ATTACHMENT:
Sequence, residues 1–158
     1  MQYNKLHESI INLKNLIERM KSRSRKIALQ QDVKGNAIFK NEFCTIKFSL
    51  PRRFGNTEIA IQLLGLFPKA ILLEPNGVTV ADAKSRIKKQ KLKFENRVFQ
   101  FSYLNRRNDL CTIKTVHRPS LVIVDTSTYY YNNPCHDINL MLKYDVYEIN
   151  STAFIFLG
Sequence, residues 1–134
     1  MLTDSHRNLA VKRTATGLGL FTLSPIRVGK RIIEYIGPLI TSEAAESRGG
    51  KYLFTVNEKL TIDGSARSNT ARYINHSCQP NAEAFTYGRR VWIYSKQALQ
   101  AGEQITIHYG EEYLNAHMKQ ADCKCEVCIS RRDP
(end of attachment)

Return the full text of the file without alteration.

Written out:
Sequence, residues 1–158
     1  MQYNKLHESI INLKNLIERM KSRSRKIALQ QDVKGNAIFK NEFCTIKFSL
    51  PRRFGNTEIA IQLLGLFPKA ILLEPNGVTV ADAKSRIKKQ KLKFENRVFQ
   101  FSYLNRRNDL CTIKTVHRPS LVIVDTSTYY YNNPCHDINL MLKYDVYEIN
   151  STAFIFLG
Sequence, residues 1–134
     1  MLTDSHRNLA VKRTATGLGL FTLSPIRVGK RIIEYIGPLI TSEAAESRGG
    51  KYLFTVNEKL TIDGSARSNT ARYINHSCQP NAEAFTYGRR VWIYSKQALQ
   101  AGEQITIHYG EEYLNAHMKQ ADCKCEVCIS RRDP